Deciding to forgo The Smashing Pumpkins for the Palma Violets and their infectious, dirty, guitar riddled psychedelic tinged pop which gives everyone the opportunity to fearlessly cut loose. I can’t conceive of a time when ‘Best of Friends’ will ever not sound devilishly cool and will not demand to be sung along to with all ones might – and seems everyone at Summer Sonic feels much the same. The Sonic Stage is frenziedly animated for the whole set, stepping up a notch for ‘Step up for the Cool Cats’ and ‘Last of Summer Wine’. The relationship between the boys in the band comes across as instinctive and if that does not seduce you then the devil may care frenetic, adventurously unafraid nature of Chilli Jesson’s (looking so different wearing a suit today) interaction with the crowd would be the tipping point. Sam Fryer brings things to a close with an almost bitter sweet version of ‘Brand New Song’.
The Jon Spencer Blues Explosion make videos I can’t watch but live their filthy punk raw blues rock is definitely a more positive visual experience. The crowd is eager for the noise as well as the onstage empathy shared between Jon Spencer, Judah Bauer and Russell Simins: a band that don’t do breaks, they keep it going, songs come relentlessly, one pounded out after another, the audiences genuine, high octane appreciation of newer tracks like ‘Black Mold’ and ‘Get Your Pants Off’ does slide during back catalogue tracks like ‘Chicken Dog’ and I wonder if this is an audience only recently acquainted with JSBX. Spencer is every inch the rock star and the audience happily laps it up, by the end of the set the air is filled with palpable exhaustion on all sides. The heat, the excitement, the running around, the late nights and long days have taken the strength from my legs and I sit towards the back of the hall, with many others, for Johnny Marr (see pic right). I might only barely be able to see him, however we can all hear him just fine and he sounds pretty good. He plays songs from his recent album ‘The Messenger’; ‘Sun and Moon’ and ‘Generate! Generate!’ , all of which are well written and executed however they lack some punch, some emotion, a certain something. I also can’t help feeling a little uncomfortable when he covers four Smiths songs as they’ve so long for me been associated with one voice. However it’s not a lingering awkwardness and is soon forgotten. A set heavy with covers is a nice re-introduction to Marr’s sound, live he has a deeper, more innovative vocal than expected. The show is comfortably timed, the highlight being an exceptional version of ‘Getting Away With It’, a cracking tune with a sweetly enjoyable chorus.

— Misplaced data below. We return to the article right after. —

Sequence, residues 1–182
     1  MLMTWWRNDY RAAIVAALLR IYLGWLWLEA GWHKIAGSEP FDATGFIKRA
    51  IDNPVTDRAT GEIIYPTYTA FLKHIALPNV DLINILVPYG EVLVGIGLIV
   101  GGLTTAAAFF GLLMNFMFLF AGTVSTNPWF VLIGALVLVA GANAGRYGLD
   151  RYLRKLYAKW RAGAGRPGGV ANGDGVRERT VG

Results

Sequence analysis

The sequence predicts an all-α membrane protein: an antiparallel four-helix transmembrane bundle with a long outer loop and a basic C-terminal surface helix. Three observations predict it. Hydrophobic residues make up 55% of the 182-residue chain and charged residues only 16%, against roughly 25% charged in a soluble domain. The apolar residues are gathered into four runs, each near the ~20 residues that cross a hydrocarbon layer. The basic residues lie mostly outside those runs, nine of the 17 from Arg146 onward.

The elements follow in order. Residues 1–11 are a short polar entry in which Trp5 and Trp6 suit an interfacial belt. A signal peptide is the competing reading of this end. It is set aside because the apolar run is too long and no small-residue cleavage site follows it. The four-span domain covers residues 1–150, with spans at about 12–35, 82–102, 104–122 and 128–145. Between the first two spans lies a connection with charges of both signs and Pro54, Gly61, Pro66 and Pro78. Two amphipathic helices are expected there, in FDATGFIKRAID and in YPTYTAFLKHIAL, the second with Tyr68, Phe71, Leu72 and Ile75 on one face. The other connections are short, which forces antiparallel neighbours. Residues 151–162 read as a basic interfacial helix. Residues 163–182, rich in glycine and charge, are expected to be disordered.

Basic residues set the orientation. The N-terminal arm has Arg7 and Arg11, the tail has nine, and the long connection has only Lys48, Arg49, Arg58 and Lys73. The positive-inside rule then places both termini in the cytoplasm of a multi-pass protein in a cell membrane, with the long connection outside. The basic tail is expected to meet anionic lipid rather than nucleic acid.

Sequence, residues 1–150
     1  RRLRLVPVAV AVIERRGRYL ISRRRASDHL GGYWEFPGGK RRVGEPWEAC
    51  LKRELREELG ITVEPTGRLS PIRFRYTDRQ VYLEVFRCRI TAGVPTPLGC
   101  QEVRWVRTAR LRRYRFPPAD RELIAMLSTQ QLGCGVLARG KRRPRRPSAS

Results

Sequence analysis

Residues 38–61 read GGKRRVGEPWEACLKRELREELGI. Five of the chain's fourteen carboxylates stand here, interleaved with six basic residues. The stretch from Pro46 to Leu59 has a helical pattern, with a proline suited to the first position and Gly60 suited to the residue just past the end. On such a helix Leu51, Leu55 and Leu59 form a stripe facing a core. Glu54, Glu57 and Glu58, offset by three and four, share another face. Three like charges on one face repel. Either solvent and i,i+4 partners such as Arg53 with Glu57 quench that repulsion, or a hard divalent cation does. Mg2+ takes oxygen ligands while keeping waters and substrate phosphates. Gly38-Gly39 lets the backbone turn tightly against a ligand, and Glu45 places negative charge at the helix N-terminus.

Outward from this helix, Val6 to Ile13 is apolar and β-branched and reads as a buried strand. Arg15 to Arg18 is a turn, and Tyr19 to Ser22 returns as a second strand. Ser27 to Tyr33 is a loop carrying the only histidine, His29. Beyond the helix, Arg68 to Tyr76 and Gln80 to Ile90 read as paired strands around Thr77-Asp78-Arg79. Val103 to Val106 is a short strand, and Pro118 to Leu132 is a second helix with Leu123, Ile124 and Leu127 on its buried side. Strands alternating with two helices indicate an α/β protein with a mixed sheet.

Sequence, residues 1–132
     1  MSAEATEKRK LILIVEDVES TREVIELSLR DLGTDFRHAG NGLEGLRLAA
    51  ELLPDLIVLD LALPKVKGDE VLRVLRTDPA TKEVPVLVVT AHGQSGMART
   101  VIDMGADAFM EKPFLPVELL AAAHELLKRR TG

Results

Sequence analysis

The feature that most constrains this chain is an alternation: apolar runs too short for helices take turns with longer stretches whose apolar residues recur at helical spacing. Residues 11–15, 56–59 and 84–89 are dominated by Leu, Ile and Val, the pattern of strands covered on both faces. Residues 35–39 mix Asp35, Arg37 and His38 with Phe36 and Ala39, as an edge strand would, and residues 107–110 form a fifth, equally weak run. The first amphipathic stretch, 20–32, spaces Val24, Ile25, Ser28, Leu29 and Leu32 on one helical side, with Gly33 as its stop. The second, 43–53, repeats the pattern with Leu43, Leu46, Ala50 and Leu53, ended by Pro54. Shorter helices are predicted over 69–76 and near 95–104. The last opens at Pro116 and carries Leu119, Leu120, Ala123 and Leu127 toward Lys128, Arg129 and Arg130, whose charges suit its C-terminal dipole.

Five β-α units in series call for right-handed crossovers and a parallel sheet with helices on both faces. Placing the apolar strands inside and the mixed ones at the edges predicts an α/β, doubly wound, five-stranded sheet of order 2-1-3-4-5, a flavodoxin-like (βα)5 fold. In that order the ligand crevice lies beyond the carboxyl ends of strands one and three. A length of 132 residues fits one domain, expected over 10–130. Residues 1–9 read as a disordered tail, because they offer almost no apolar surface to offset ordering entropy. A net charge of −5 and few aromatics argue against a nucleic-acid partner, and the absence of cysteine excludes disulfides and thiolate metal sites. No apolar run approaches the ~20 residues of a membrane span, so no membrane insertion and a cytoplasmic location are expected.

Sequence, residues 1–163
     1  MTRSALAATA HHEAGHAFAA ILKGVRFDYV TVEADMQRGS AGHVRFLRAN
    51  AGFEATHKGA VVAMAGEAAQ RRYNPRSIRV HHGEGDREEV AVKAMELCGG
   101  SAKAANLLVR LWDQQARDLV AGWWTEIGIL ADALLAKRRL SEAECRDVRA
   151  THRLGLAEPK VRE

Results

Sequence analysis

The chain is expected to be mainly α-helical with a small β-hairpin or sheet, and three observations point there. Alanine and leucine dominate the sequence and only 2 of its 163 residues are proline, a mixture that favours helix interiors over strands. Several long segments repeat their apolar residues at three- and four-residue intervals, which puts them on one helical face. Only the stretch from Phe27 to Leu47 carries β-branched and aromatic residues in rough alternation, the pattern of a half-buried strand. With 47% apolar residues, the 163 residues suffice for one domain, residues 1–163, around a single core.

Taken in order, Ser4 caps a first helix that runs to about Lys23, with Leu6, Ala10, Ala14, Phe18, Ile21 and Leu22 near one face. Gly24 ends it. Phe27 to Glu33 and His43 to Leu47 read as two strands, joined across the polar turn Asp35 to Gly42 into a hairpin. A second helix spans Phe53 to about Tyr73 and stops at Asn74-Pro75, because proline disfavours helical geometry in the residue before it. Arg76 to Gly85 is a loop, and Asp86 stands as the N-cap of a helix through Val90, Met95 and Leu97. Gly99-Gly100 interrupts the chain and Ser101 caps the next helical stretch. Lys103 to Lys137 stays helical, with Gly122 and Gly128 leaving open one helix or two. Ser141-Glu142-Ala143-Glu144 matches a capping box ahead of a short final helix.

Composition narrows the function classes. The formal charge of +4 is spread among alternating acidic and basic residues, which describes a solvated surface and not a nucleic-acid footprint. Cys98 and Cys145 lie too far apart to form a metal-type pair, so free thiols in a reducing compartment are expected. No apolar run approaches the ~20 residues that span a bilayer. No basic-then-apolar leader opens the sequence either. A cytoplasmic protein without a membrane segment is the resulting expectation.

And as I drag myself off to the train for the journey home to the other side of the city the fireworks fill the sky above the town with neon rainbows and sonic explosions marking the close of the festival. It has been enlightening, absorbing, invigorating, educational, inspirational and emotional, however. while there will be many memories the first will always be”
‘Summer Sonic 2013, oh boy that was a hot one!’
Full details of Summer Sonic 2013 including the timetable, photo gallery of the acts, audiences and attractions can be found on the Summer Sonic website. Louder Than War would like to extend our appreciation to Creativeman for all their help and assistance. All photos copyright and courtesy of Creativeman.